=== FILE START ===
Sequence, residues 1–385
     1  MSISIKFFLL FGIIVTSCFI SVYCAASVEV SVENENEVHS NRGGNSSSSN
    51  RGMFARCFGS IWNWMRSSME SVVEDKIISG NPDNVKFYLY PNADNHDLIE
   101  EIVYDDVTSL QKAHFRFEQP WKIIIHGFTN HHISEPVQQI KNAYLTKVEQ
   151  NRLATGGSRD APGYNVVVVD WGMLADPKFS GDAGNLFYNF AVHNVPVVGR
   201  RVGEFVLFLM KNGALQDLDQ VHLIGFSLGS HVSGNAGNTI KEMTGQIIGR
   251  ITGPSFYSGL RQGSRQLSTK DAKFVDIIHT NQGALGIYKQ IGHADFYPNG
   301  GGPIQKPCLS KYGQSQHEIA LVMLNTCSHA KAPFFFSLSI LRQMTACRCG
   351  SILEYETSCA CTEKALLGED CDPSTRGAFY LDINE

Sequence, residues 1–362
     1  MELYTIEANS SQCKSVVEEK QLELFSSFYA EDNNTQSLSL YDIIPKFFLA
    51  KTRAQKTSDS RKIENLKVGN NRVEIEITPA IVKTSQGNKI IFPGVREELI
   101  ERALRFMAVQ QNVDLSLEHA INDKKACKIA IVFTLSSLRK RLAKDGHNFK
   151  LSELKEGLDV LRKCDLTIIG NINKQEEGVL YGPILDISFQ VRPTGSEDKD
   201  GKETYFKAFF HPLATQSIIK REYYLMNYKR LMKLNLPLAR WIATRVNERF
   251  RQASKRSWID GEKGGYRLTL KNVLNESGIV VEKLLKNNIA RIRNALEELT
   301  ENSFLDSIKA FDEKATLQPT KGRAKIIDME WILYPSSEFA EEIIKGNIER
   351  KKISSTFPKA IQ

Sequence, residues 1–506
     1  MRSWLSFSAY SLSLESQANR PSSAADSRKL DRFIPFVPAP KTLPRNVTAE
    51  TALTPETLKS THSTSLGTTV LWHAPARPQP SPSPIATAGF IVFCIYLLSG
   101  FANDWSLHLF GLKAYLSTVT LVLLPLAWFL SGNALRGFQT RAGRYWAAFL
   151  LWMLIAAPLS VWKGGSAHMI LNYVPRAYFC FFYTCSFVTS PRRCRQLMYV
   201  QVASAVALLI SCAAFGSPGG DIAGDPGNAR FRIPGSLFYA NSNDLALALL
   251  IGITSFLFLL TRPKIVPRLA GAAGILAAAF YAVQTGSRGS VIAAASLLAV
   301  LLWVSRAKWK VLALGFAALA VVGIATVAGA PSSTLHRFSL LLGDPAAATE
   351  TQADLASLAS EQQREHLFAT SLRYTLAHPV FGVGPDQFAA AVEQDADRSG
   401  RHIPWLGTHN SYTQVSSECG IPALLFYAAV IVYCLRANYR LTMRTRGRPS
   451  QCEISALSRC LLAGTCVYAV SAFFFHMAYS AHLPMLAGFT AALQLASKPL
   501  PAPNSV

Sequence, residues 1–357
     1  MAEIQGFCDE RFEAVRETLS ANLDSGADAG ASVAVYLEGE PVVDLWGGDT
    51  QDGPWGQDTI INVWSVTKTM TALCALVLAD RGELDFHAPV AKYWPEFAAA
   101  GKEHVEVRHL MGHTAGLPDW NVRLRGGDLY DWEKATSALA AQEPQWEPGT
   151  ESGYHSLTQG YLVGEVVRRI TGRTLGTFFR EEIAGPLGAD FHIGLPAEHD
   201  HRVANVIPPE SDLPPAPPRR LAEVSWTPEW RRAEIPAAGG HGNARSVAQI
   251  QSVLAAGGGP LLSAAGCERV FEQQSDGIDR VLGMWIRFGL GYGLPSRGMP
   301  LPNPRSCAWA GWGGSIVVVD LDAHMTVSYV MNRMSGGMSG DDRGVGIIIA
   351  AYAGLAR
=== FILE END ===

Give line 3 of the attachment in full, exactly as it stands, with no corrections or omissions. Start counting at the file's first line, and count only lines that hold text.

    51  RGMFARCFGS IWNWMRSSME SVVEDKIISG NPDNVKFYLY PNADNHDLIE